I like the idea of being your own personal librarian. Information flows around us. The silent and invisible nature of these rivers of information mean they are easily missed. Software ate the world and sent everything online, so I believe It’s a sign of maturity to handle your information online and that this covers everything from social media, to pay tv to paying your taxes.
This problem is new in its scope and digital nature, but there is an arc leading from the Gutenberg press. When a book used to cost as much as a small house, people started sharing them. Then public libraries were born to share the expensive books to the wider public and for years librarians have been the guides, sherpas, educators helping us navigate the reams of data available.
Nowadays the information is cheap. We each generate libraries worth of information in a single day, and it’s all connected. I think we need to gather some librarian skills to handle this revolution.
It is often the big events which give new impetus to a project or a lagging goal.
I was busy before the pandemic and now I have a very busy life. So far COVID 19 related lockdown has been a blur of work, babysitting, house cleaning, logistics. I know I am not alone and many people have even more to do than me. I also know some people are going through this lockdown with no work and no children to worry over. I wonder what that’s like??…..But I digress.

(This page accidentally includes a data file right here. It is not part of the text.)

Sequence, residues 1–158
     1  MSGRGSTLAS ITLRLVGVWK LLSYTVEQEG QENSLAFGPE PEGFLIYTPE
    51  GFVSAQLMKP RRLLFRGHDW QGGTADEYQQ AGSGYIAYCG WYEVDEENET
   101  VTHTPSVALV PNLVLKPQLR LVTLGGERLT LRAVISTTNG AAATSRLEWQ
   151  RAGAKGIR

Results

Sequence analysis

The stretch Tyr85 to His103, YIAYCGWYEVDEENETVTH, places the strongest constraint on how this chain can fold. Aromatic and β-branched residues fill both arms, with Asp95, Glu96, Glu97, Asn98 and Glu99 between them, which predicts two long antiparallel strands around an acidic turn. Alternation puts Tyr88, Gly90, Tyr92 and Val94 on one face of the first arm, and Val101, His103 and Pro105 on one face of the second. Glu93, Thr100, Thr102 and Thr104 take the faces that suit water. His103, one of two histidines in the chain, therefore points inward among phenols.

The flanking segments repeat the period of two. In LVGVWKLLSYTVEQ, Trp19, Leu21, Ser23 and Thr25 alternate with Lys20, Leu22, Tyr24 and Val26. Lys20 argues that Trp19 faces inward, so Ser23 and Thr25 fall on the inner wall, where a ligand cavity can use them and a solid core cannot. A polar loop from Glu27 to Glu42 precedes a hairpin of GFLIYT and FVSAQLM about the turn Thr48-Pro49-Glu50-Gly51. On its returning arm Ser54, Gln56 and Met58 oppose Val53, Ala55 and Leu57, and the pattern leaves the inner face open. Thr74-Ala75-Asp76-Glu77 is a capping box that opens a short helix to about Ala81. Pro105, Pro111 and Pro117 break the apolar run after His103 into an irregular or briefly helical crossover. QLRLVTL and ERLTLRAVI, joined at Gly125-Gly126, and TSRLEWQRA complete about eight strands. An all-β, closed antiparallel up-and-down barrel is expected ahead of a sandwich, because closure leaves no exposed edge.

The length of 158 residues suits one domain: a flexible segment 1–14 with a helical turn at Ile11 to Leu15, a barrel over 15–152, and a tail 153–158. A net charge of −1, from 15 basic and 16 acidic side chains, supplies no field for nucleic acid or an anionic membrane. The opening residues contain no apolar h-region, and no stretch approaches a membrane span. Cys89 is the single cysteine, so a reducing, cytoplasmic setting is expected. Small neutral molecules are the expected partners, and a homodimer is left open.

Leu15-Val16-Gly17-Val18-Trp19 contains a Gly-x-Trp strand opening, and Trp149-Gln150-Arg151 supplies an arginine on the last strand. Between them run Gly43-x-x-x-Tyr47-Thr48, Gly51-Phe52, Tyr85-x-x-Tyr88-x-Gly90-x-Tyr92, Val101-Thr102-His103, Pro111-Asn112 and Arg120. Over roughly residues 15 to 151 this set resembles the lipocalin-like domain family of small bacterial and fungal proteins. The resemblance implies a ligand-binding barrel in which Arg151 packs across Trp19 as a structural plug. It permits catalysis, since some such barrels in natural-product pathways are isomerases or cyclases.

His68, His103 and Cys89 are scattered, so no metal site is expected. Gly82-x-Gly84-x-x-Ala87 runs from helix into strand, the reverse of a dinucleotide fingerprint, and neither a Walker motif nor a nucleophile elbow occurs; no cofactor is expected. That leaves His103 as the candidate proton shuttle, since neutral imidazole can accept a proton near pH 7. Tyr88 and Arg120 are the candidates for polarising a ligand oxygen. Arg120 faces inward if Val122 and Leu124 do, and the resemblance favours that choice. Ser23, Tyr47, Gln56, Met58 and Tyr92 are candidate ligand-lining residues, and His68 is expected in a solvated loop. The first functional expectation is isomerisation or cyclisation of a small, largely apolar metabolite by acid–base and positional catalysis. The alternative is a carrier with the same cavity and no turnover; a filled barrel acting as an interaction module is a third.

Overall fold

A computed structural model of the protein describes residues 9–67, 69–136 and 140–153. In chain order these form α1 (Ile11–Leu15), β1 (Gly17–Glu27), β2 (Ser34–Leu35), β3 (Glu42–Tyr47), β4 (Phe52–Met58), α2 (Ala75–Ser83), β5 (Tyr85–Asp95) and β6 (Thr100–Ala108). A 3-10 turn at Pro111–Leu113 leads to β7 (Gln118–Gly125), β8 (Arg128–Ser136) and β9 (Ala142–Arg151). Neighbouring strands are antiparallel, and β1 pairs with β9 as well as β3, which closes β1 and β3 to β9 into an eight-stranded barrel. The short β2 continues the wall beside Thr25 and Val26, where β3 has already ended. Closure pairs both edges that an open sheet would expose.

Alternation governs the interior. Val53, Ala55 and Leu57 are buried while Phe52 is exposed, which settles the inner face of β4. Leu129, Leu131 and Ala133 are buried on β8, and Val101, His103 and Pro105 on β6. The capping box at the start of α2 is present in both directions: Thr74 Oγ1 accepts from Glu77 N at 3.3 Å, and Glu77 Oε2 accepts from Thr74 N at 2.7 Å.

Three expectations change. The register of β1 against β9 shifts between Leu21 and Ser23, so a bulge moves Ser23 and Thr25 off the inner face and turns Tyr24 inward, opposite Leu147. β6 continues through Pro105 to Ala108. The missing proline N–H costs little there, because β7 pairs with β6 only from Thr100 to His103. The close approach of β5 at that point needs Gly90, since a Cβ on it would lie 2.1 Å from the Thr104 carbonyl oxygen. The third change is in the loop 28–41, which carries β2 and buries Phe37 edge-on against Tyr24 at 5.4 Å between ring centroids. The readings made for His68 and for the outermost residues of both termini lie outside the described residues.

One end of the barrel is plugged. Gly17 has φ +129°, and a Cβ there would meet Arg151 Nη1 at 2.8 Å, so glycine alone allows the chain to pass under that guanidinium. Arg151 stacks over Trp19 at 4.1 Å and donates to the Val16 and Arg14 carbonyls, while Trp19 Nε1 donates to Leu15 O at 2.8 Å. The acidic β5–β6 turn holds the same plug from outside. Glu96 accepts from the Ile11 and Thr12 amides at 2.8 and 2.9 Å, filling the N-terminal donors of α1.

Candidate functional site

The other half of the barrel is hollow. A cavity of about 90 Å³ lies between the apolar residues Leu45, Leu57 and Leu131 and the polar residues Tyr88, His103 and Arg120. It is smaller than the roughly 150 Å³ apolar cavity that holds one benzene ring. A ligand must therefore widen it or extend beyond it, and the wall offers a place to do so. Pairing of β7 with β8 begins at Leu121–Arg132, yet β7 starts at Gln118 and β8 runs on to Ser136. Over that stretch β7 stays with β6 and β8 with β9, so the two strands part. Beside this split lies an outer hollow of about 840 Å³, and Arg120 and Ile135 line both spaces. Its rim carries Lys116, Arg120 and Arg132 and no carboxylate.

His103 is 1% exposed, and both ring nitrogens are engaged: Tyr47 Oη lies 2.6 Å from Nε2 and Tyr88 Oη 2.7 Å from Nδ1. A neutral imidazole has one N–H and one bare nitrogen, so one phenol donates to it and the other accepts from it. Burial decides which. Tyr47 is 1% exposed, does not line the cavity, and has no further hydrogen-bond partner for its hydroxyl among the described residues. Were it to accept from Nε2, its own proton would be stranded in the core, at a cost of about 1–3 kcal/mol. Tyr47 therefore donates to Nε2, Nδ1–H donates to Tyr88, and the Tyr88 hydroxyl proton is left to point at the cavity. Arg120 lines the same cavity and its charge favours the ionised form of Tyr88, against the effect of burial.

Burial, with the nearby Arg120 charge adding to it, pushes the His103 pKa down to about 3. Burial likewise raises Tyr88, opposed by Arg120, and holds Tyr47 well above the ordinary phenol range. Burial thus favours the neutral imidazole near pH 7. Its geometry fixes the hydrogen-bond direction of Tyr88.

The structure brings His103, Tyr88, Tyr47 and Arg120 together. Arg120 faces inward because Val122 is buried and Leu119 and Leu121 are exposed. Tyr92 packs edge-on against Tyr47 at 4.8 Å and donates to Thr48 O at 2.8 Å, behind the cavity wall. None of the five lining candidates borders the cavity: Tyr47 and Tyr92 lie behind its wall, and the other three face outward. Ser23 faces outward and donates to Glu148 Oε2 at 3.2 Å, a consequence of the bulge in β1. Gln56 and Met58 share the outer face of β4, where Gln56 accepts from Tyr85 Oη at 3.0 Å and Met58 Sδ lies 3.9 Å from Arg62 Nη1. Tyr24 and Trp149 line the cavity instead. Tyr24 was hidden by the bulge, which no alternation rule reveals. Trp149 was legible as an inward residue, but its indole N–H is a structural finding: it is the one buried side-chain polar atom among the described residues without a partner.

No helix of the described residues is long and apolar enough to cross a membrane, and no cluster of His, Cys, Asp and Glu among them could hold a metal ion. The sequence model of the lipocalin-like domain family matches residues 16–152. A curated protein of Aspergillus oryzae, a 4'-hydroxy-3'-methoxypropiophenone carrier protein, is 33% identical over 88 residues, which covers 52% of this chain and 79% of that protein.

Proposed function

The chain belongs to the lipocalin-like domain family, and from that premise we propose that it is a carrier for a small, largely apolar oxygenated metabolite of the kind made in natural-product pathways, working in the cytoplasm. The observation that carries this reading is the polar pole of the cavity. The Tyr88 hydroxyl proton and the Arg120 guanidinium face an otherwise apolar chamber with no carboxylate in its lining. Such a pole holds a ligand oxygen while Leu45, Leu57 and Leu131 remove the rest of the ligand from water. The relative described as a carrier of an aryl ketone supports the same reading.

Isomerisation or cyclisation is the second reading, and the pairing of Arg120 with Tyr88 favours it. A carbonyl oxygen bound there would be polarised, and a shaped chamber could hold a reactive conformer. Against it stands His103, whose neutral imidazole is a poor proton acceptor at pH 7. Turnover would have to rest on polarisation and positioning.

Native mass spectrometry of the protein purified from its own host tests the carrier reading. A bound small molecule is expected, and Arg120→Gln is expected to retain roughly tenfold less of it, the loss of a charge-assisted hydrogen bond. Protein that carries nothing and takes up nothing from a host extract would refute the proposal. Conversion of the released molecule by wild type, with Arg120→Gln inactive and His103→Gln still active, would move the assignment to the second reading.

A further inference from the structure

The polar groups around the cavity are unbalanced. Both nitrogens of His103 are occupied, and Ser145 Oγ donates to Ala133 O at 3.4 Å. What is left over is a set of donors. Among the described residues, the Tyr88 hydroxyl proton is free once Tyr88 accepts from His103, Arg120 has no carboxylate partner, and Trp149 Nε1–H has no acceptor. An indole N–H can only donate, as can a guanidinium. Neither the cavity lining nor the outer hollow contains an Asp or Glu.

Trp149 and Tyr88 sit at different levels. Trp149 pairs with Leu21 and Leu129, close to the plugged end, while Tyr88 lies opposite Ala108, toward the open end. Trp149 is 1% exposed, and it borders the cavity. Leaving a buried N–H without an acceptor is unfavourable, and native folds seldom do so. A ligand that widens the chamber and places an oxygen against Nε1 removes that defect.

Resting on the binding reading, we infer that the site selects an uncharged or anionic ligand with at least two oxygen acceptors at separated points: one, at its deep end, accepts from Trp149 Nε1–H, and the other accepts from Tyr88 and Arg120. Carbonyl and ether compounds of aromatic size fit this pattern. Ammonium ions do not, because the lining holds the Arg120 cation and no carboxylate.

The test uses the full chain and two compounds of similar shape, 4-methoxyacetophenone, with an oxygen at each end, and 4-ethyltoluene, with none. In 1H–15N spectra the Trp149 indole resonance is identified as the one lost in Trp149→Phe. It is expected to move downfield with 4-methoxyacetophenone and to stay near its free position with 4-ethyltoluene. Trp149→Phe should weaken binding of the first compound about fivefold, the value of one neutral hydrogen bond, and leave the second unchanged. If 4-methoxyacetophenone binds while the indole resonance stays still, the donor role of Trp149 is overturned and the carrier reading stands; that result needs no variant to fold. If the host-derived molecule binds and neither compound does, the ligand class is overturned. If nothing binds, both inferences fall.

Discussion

Impetus itself is a mid 17th century word from Latin. It comes from impetere ‘assail’, from in- ‘towards’ + petere ‘seek’. This suggests a searching and overcoming of obstacles. Impetus is often an externally generated thing in my life. I wish it was more internally driven.
Start of a new streak. Here’s hoping I have the impetus to keep it going for at least 30 days.
Keep well and happy Monday chimps.
This morning I woke up super early to feed one of my children. When that happens I use the time to meditate, read and listen to music. If I could I would do these quieter things all day.
I’m often more creative, engaged and productive with big stretches of time spent on my own. This is good to understand.
Happy Tuesday chimps.
Here’s an interesting quote:
We banish the misaligned when we align with what we are called to, we become visible and real when we give our gift and stop waiting for the gift to be given to us.